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Published in Mint on 6th Jan 2015, Written by Abhishek Bondia

How much insurance is needed to cover my entire family?

The right amount of coverage depends on the kind of hospitals you prefer, age and health conditions of your family members. Healthcare costs vary significantly by hospital and the facilities opted in a particular hospital. For example, the cost of a knee replacement surgery almost doubles if you use an imported implant instead of an indigenous one.
So quantum of health cover is closely linked to your income and lifestyle.
Do keep in mind that medical inflation is high at over 10%. The cover you buy today should be sufficient for the future as well. There are two rules of thumb. First, take health cover of at least 50% of your annual income. Second, the insurance cover should at least cover the cost of a coronary artery bypass graft in a hospital of your choice.
I recommend a minimum health cover of Rs.5 lakh. You can use the same sum assured as a floater to include your family members.
What can I do if my insurance claim is rejected?
—Lalitha Nambiar

An individual insurance policyholder has multiple forums for appeal in case of claim rejection. Typically, my first port of call is to escalate within the company itself, i.e. head of claims or underwriting or sales, depending on the reason for rejection. If this does not work, I will write to the grievance cell within the company. The response of the insurer’s grievance department becomes the basis of complaint with the grievance redressal cell of the consumer affairs department within the Insurance Regulatory and Development Authority of India. You can also move straight to the insurance ombudsman and thereafter to the consumer court.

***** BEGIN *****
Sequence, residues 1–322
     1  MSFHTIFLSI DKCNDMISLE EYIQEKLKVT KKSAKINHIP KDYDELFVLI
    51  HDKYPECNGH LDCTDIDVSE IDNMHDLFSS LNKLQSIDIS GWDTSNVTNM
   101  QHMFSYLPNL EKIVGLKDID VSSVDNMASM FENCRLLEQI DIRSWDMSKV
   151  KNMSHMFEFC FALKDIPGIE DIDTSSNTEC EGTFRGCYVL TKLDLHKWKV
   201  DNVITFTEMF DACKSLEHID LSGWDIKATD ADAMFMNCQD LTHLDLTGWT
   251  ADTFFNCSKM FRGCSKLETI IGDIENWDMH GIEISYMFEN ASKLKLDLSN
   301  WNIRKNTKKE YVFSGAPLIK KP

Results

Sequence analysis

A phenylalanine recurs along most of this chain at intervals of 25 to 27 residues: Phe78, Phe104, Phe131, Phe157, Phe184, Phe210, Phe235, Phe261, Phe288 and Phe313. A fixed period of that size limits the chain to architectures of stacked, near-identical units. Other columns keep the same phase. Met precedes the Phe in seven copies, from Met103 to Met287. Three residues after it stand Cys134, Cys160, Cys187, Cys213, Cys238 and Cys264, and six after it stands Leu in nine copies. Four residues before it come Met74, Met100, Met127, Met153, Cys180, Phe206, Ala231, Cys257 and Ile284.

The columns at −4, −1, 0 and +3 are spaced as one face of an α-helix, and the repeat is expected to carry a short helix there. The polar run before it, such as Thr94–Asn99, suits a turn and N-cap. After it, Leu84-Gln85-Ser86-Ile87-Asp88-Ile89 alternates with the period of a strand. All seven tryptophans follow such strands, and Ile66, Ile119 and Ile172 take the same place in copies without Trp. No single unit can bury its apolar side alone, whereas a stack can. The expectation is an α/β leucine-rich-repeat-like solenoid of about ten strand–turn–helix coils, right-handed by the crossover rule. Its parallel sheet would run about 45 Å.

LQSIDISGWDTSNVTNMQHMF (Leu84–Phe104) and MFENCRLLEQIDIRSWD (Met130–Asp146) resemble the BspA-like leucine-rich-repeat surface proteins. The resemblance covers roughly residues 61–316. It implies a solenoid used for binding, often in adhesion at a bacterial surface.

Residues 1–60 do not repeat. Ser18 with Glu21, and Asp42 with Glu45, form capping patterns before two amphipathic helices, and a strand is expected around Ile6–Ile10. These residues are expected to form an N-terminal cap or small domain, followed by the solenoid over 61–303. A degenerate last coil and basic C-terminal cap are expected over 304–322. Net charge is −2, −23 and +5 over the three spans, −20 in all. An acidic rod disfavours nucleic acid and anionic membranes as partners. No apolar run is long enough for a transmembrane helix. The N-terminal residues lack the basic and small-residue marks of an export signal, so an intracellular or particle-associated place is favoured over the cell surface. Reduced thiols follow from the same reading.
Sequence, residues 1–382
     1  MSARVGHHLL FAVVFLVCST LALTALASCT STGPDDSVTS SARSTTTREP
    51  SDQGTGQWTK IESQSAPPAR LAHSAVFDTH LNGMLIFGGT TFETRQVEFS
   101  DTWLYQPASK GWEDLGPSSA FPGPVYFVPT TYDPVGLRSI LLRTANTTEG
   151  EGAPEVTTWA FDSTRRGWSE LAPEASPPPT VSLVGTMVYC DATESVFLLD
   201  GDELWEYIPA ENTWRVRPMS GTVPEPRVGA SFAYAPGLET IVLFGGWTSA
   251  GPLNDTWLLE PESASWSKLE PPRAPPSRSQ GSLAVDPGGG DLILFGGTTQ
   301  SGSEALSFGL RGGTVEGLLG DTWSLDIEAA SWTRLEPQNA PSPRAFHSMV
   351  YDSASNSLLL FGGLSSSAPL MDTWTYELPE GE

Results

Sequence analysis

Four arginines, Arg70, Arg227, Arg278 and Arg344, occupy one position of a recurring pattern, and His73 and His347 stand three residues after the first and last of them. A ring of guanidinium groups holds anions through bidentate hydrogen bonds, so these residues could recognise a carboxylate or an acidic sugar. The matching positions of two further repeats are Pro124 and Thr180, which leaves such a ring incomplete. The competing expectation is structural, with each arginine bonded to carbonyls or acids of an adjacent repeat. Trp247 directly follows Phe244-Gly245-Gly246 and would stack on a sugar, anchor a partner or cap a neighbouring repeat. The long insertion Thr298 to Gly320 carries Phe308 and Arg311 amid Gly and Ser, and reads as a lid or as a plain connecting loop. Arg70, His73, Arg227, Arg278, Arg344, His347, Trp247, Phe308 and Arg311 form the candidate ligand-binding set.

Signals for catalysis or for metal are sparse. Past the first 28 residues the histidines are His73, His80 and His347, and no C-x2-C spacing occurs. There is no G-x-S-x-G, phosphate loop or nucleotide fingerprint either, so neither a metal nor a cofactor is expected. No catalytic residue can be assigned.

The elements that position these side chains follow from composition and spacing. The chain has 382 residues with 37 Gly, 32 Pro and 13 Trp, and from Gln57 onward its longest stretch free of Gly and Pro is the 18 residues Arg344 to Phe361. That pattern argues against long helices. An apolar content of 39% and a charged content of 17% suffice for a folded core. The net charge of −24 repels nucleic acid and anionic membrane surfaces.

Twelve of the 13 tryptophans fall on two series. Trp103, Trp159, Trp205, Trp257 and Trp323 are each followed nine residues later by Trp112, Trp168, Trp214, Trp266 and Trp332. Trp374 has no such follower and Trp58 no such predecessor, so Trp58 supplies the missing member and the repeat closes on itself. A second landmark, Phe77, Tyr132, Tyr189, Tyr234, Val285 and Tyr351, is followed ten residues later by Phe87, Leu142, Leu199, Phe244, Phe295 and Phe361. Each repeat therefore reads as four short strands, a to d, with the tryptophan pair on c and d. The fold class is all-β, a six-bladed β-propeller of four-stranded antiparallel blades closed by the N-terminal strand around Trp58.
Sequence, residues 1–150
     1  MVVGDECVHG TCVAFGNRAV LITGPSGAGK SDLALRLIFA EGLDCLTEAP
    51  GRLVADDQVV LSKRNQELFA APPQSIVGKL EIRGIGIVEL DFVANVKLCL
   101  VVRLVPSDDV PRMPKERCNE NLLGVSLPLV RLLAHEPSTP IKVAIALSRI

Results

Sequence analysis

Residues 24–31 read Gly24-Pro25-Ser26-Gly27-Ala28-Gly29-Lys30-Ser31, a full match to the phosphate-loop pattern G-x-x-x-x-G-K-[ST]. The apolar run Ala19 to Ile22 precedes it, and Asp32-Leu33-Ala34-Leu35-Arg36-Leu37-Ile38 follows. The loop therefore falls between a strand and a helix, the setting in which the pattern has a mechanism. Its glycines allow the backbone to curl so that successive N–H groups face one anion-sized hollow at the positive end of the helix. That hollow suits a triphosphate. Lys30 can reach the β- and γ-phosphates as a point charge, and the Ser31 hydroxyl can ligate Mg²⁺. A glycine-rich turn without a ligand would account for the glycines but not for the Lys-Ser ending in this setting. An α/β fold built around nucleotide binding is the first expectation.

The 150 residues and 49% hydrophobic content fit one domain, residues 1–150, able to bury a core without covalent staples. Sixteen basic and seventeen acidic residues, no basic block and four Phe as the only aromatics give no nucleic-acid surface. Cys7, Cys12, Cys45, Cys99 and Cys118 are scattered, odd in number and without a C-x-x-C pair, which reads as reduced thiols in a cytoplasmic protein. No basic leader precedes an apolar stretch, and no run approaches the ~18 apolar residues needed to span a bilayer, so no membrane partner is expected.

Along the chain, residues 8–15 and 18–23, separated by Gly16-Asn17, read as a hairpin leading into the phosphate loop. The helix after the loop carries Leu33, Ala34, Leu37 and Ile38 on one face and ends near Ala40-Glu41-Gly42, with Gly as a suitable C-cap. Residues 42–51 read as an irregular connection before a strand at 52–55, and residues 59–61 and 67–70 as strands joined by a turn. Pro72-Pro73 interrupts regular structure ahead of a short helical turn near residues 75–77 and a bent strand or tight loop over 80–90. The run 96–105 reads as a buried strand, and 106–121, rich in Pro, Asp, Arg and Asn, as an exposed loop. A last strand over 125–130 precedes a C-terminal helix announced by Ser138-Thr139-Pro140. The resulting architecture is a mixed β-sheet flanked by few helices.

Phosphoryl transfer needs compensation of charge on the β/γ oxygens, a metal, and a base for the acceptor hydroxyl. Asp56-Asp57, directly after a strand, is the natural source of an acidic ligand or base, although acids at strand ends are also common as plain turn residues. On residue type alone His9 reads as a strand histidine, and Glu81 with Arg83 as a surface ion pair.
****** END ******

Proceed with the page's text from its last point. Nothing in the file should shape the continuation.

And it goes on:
In our experience, most claims that are rejected incorrectly get sorted when escalated within the insurer. Such claims had been initially rejected because of an aggressive interpretation of the rules or inappropriate application of judgement.
I have been staying in the UK for the past 10 years. I have a mediclaim policy in India for the past six years. I have been regularly renewing the policy. I want to know that since I don’t stay in India, can I get mediclaim coverage?
—Rajesh Singh

Yes, you can buy a medical insurance from India even if you are a non-resident Indian (NRI). However, the claims are admissible only when the treatment is done in India and the claim is settled in local currency. The benefits and process remain the same irrespective of your residency status.
Not all insurers issue a policy to NRIs but many do. Insurers develop their own internal underwriting guidelines about covering foreign citizens and NRIs. In this regard, I would recommend you to share this information with your insurer so that at the time of claim, non-disclosure is not made the basis for claim rejection.